Faced with increased global demand, generic manufacturers have not been able to produce enough doses.
At the same time, the US pharmaceutical giant Gilead repurposed its AmBisome manufacturing plant to produce a broad-spectrum antiviral named remdesivir. This new situation is not having an impact yet on supplies in eastern Africa yet, but doctors in Ethiopia, Sudan and South Sudan, where the kalaazar peak season is about to start, are expressing deep concerns.
A second threat comes from the drastic cuts announced by the UK foreign aid budget last November. These cuts have already led to the termination of an important programme for neglected tropical diseases. This included funding for the purchases of a life-saving kalaazar drug.
Unless other funders step up soon, thousands could die.
Diagnostics is another major cause for concern. The American diagnostics company Bio-Rad announced that in 2022 it will discontinue production of the “IT-leish” rapid test. It is the only test with high enough sensitivity in Eastern Africa to detect kalaazar in Eastern Africa.
Without adequate diagnostics, tens of thousands of kalaazar cases will go undetected.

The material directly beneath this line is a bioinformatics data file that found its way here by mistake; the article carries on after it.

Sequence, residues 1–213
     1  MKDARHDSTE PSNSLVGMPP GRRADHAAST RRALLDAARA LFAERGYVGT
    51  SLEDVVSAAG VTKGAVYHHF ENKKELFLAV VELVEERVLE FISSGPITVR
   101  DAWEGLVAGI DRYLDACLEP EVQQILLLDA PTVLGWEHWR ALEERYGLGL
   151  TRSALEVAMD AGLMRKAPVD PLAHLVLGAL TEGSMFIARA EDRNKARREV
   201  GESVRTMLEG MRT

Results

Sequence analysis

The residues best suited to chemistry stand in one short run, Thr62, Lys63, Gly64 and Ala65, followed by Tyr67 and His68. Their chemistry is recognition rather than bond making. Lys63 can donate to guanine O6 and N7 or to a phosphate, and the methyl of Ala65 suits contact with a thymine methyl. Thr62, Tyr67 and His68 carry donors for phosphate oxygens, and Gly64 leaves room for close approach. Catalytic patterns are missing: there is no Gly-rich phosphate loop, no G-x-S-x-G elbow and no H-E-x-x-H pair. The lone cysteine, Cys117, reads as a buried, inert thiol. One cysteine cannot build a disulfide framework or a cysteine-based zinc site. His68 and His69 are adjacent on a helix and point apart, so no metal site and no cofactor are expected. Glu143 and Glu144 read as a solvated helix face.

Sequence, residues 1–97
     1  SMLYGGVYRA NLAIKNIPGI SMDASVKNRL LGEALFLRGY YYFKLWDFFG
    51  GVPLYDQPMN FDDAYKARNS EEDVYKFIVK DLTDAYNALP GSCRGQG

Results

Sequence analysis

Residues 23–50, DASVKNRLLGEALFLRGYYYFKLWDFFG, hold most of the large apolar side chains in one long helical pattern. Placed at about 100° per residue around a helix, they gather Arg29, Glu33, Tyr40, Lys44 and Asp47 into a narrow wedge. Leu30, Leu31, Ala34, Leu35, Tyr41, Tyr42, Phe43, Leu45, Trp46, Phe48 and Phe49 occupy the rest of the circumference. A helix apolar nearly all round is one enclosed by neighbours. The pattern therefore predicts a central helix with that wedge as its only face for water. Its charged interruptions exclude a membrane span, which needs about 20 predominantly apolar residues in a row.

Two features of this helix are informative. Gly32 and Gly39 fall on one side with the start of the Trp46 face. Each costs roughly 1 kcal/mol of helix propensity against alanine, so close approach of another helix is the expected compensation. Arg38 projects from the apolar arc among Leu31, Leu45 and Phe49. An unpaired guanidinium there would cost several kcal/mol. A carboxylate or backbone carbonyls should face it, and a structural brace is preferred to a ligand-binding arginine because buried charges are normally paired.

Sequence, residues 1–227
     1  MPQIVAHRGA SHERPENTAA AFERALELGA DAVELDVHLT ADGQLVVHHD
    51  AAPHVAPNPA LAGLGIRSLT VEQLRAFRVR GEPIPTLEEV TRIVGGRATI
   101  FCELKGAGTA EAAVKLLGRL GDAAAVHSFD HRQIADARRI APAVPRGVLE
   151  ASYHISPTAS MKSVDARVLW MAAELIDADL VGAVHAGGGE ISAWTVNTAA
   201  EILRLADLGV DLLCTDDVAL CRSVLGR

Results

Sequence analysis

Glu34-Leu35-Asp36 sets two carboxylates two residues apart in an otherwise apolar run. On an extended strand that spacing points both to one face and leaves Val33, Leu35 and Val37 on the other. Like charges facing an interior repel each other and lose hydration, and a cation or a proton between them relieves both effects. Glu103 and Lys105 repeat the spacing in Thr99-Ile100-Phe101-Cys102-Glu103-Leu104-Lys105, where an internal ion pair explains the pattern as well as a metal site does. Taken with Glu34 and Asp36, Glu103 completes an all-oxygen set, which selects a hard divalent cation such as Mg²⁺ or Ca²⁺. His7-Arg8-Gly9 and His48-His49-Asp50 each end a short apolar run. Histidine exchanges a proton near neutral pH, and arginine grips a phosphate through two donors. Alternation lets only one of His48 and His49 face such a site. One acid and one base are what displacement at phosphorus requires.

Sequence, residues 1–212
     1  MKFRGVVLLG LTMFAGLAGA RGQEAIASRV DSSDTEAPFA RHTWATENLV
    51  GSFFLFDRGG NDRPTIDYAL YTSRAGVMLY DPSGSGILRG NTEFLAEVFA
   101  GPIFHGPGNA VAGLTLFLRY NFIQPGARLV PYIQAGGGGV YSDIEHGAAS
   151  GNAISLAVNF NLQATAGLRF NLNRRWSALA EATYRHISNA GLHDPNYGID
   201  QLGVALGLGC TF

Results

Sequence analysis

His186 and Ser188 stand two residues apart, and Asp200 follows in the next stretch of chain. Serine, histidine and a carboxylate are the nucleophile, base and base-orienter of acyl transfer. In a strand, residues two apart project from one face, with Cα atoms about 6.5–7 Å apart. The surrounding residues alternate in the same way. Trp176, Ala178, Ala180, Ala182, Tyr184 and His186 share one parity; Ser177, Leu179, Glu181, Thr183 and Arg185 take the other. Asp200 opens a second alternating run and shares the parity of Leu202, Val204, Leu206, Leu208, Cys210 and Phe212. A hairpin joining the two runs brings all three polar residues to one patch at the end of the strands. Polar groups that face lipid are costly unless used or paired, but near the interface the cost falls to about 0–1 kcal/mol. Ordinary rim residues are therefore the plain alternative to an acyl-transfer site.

Bio-Rad argues that it is too expensive to comply with the new European requirements for rapid tests such as IT-leish. But the consequences will be catastrophic if no solution is found to transfer these technologies and produce the tests on the African continent.
“We urge the international community not to turn away from this fatal illness and the people it affects. Lifesaving funding and access to the best tests and medicines are absolutely critical for tackling the disease,” wrote Dr Mousab Siddig Elhag, an neglected tropical disease advisor from the Ministry of Health in Sudan, a country with one of the highest kalaazar burdens in the world.
He recently urged the international community not to turn away from the fatal disease.
Kalaazar is neglected because it is a disease of poverty: Transmitted by the bite of a female sandfly, it affects the poorest communities who are often living in arid and semi-arid areas.
Kalaazar epidemics are aggravated by climatic conditions, co-infections such as HIV, and population displacement such as large refugee movements during conflict. For example, in the months following the onset of the 2013 civil war in South Sudan, MSF observed a “major outbreak” of kalaazar in the Lankien region – the number of patients MSF treated more than doubled in a year.
A similar outbreak is now feared in Ethiopia, where the devastating Tigray civil conflict is causing malnutrition, displacing millions, blocking aid and where 400,000 people are facing famine-like conditions according to the UN. The closure of clinics is impacting kalaazar programmes.
Tens of thousands of lives are at risk. We need to act now. Donor and kalaazar endemic countries must step in. The industry must prioritise kalaazar treatment and diagnostics production. The consequences of any other course of action will be no short of a humanitarian catastrophe.